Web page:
Frozen juice concentrate Do not refrigerate 2 years
Frozen juice reconstituted 6 days 6-12 months

Power Outages

Without power a full upright chest freezer or refrigerator freezer, will
keep food frozen
about two days, if you do not open the lid. If the freezer is only
half-full, it will keep for
one day. If the power will be off for an extended period, transport food to
where there is electricity or use block or dry ice. Handle dry ice according
instructions. Do not touch or breathe fumes.
Without power, a refrigerator will keep food cool for four to six hours,
depending on the
kitchen temperature. Use block or dry ice to keep food cold for long
When the electricity returns, if ice crystals are present in food or the
food feels
refrigerator-cold, it can be refrozen, but there may be a loss of quality in
color, texture,
flavor, and nutrient content. Any thawed food that has risen above room
and remained there for two hours or more should be discarded. Foods with a
color or odors should be discarded.


Food Product Refrigerator Storage Freezer Storage
Artichokes 2-3 days Freeze poorly
Asparagus 2-3 days 8-12 months
Beets 2 weeks 8-12 months
Broccoli 3-5 days 8-12 months
Brussels sprouts 3-5 days 8-12 months
Cabbage 1 week 8-12 months
Carrots 2 weeks 8-12 months
Cauliflower 1 week 8-12 months
Celery 1 week 8-12 months
Corn, in husks 1-2 days 8-12 months
Cucumbers 1 week 8-12 months
Eggplant 2-3 days 8-12 months
Green beans 1-2 weeks 8-12 months
Greens 3-5 days 8-12 months
Jicama 2-3 weeks 8-12 months
Kohlrabi 1 week 8-12 months
Lettuce and salad greens 3-5 days Freeze poorly
Lima beans 3-5 days 8-12 months
Mushrooms 1-2 days 8-12 months
Okra 3-5 days 8-12 months
Onions, green 3-5 days Freeze poorly
Parsley 2-3 days 3-4 months
Peas 3-5 days 8-12 months
Peppers 1 week 8-12 months
Radishes 2 weeks Freeze poorly
Squash, winter Store in a dry place 8-12 months
Squash, summer 3-5 days 8-12 months
Tomatillos 1 week 8-12 months
Tomatoes 1 week 8-12 months
Yuca 1-2 days 8-12 months
Zucchini 3-5 days 8-12 months
Frozen vegetables Do not refrigerate 8 months
Canned vegetables 1-4 days (opened) 2-3 months


Baked Products
Refrigerated storage of breads promotes staleness. Store breads at room
for 3 to 7 days unless otherwise indicated.

Food Product Refrigerator Storage Freezer Storage
Bread, yeast Room temperature 4-6 months
Biscuits Room temperature 2-3 months
Muffins Room temperature 2-3 months
Quick breads Room temperature 2-3 months
Pancakes and waffles Room temperature 1-2 months
Rolls, yeast Room temperature 2-3 months
Refrigerated biscuits Use-by date Do not freeze

Cakes and Cookies

Food Product Refrigerator Storage Freezer Storage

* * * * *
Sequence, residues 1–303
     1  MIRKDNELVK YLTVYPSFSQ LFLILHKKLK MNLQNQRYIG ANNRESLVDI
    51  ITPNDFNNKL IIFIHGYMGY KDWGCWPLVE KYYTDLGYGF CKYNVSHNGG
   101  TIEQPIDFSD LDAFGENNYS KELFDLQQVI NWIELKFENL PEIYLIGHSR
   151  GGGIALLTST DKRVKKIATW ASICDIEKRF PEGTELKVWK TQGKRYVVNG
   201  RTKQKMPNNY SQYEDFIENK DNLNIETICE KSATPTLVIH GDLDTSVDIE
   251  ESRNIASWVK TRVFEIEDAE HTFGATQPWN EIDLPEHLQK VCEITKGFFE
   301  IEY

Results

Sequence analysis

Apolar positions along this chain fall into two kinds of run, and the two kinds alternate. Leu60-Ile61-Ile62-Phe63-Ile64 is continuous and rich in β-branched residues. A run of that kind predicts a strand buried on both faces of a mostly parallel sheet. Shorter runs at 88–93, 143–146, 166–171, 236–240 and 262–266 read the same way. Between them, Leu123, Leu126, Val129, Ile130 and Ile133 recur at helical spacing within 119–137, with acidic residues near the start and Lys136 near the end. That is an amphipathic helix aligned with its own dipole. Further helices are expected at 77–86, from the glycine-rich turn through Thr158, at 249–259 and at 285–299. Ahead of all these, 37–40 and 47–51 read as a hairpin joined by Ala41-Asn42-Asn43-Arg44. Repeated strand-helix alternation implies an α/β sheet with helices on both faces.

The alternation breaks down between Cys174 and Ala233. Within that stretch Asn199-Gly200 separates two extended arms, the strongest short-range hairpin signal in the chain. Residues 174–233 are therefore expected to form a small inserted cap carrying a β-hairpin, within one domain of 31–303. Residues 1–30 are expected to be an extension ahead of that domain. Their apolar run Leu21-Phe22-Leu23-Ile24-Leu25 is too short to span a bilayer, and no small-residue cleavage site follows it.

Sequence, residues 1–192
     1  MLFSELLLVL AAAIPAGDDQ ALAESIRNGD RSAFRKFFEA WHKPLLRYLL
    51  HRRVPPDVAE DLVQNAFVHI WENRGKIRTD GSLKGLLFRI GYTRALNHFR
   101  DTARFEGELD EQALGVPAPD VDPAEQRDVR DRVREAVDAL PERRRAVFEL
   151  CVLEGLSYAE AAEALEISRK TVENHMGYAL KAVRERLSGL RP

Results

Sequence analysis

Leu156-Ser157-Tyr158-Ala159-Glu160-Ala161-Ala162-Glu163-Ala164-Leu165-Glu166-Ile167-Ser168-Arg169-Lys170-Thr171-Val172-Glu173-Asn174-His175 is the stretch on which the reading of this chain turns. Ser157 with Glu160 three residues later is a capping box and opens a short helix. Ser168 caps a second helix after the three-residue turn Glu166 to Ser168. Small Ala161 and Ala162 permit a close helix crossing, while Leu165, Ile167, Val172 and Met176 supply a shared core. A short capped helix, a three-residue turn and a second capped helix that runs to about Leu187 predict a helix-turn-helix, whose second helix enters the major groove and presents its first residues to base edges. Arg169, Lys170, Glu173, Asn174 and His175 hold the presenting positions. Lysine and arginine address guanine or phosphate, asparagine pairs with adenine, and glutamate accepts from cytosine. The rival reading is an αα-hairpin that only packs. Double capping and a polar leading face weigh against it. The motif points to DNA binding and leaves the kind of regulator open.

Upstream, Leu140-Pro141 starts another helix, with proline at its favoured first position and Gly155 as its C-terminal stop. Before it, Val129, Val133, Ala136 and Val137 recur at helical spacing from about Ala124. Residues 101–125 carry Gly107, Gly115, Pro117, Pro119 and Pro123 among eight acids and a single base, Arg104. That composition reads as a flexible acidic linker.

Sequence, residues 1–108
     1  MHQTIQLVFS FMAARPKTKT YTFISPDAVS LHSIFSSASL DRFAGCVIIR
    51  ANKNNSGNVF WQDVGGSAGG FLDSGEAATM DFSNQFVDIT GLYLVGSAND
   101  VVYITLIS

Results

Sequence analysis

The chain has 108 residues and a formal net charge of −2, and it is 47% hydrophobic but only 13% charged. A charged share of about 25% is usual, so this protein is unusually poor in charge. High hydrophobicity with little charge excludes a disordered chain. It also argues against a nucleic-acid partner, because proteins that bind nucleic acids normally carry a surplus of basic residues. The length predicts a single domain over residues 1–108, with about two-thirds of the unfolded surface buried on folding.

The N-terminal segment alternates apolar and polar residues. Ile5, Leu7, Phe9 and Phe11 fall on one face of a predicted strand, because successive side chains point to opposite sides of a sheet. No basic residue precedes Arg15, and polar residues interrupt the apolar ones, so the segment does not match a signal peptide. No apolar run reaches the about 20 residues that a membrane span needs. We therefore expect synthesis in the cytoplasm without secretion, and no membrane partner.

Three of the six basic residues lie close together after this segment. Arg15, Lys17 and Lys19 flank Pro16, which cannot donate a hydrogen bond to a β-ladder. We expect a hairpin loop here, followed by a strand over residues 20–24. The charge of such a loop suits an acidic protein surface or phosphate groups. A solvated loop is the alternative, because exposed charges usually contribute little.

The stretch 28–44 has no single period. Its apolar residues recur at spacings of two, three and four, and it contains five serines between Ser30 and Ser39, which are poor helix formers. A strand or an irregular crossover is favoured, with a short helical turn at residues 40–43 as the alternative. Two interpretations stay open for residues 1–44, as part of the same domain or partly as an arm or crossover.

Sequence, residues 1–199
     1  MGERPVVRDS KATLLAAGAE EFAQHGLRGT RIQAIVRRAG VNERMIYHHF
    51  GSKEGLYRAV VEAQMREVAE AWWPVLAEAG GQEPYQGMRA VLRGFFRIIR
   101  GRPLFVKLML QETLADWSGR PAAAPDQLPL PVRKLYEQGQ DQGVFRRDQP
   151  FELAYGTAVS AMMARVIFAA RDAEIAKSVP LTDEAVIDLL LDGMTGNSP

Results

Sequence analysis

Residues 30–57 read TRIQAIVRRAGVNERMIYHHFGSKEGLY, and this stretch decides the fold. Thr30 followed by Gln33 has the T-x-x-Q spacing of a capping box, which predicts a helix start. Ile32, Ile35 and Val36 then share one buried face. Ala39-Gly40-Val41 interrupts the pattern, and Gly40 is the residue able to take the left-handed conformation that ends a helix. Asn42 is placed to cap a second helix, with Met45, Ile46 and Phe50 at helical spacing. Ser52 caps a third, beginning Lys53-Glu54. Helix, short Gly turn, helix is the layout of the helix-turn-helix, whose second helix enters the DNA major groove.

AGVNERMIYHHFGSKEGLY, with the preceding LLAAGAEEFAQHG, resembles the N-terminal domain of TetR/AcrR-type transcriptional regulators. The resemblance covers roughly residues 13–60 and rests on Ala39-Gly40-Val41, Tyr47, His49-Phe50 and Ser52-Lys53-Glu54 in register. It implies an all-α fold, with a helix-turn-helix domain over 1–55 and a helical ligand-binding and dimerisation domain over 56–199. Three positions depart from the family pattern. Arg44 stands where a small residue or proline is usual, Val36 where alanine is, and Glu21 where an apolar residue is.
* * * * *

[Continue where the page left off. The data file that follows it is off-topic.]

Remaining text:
Angel 1-3 days at room temperature 2 months
Chiffon and sponge 1-3 days at room temperature 2 months
Cheesecake 3-7 days 2-3 months
Fruitcake 6-8 months 1 year
Pound 3-5 days at room temperature 6 months
Iced layer cake 1-3 days at room temperature 6 months
Baked cookies 5-7 days at room temperature 4-6 months
Unbaked cookie dough Use-by date 2 months

Pastries and Pies

Food Product Refrigerator Storage Freezer Storage
Danish and doughnuts 1-3 days at room temperature 3 months
Chiffon pie 2-3 days 1 month
Fruit pie 2-3 days 1 year
Mincemeat pie 2-3 days 4-8 months
Pumpkin pie 2-3 days 1 month
Unbaked fruit pie Do not refrigerate 8 months


Baby Food

Food Product Refrigerator Storage Freezer Storage
Expressed breast milk 3-5 days 3 months
Formula mixed with water 2 days DO NOT FREEZE
Strained fruits and vegetables 2-3 days 6-8 months
Strained meat and eggs 1 day 1-2 months
Strained meat and vegetable
1-2 days 1-2 months
Homemade baby foods 1-2 days 1-2 months


Food Product Refrigerator Storage Freezer Storage
Fresh Pasta 1 week 1 month
Mayonnaise 2 months Freeze poorly
Nuts 6 months 1 year
Sandwiches 1-2 days 1 week
Tofu 1 week 1 month
Coffee and tea 4-6 weeks 1 year
Peanut butter 6-8 months 6-8 months
Catsup, chili, cocktail sauce 6 months (opened) Freeze poorly
Mustard 6-8 months 8-12 months
Coconut, shredded, opened 8 months 1 year
Honey, jams, jellies, syrup 6-8 months (opened) Freeze poorly
Bottled salad dressing 3 months Freeze poorly
Vegetable shortening 6-9 months Freeze poorly

Canned Goods

Food Product Shelf Life
High acid canned foods and juices including tomatoes, grapefruit,
apple products, mixed fruit, berries, pickles, sauerkraut, and
vinegar-based products
1 year
Low acid canned foods including meat and poultry products,
vegetable soups (not tomato), all vegetables
2-5 years
Home-canned products - all types 1 year


Dry Good Shelf Storage

Staples Shelf Life
Baking powder and soda 18 months
Barley 2 years
Bread crumbs 6 months
Bulgar 5-6 months
Cereal, ready-to-eat 2-3 months (opened)
6-12 months (unopened)
Cereal, ready-to-cook 6 months
Chocolate, baking 6-12 months
Cornstarch 18 months
Flour, bleached 6-8 months
Flour, whole wheat 6-8 months
Honey and syrup 1 year
Noodles, egg 6 months
Noodles, plain 1-2 years
Olive oil 6 months
Pasta 2 years
Rice 2 years
Rice, brown or wild 6 months
Sugar, brown 4 months
Sugar, granulated 2 years +
Sugar, powdered 18 months
Pasta 2 years
Wheat germ 8-12 months (unopened)
Yeast, dry Expiration date


-Arizona Department of Health Services (2005), Safe Food Storage Times and
-National Restaurant Association Educational Foundation (2002), Be
Cool-Chill Out! Refrigerate Promptly.
-United States Department of Agriculture (2001), Cold Storage Chart.

Clip art Microsoft® 2007.

Sandra Bastin, PhD, RD, LD, CCE
Extension Food and Nutrition Specialist

May 1998; Revised July 2007

Copyright © 2007 for materials developed by University of Kentucky
Cooperative Extension. This publication may be reproduced in portions or its
entirety for educational or nonprofit purposes only. Permitted users shall
give credit to the author(s) and include this copyright notice.

Educational programs of Kentucky Cooperative Extension serve all people
regardless of race, color, age, sex, religion, disability, or national


More information about the Cookinginthedark mailing list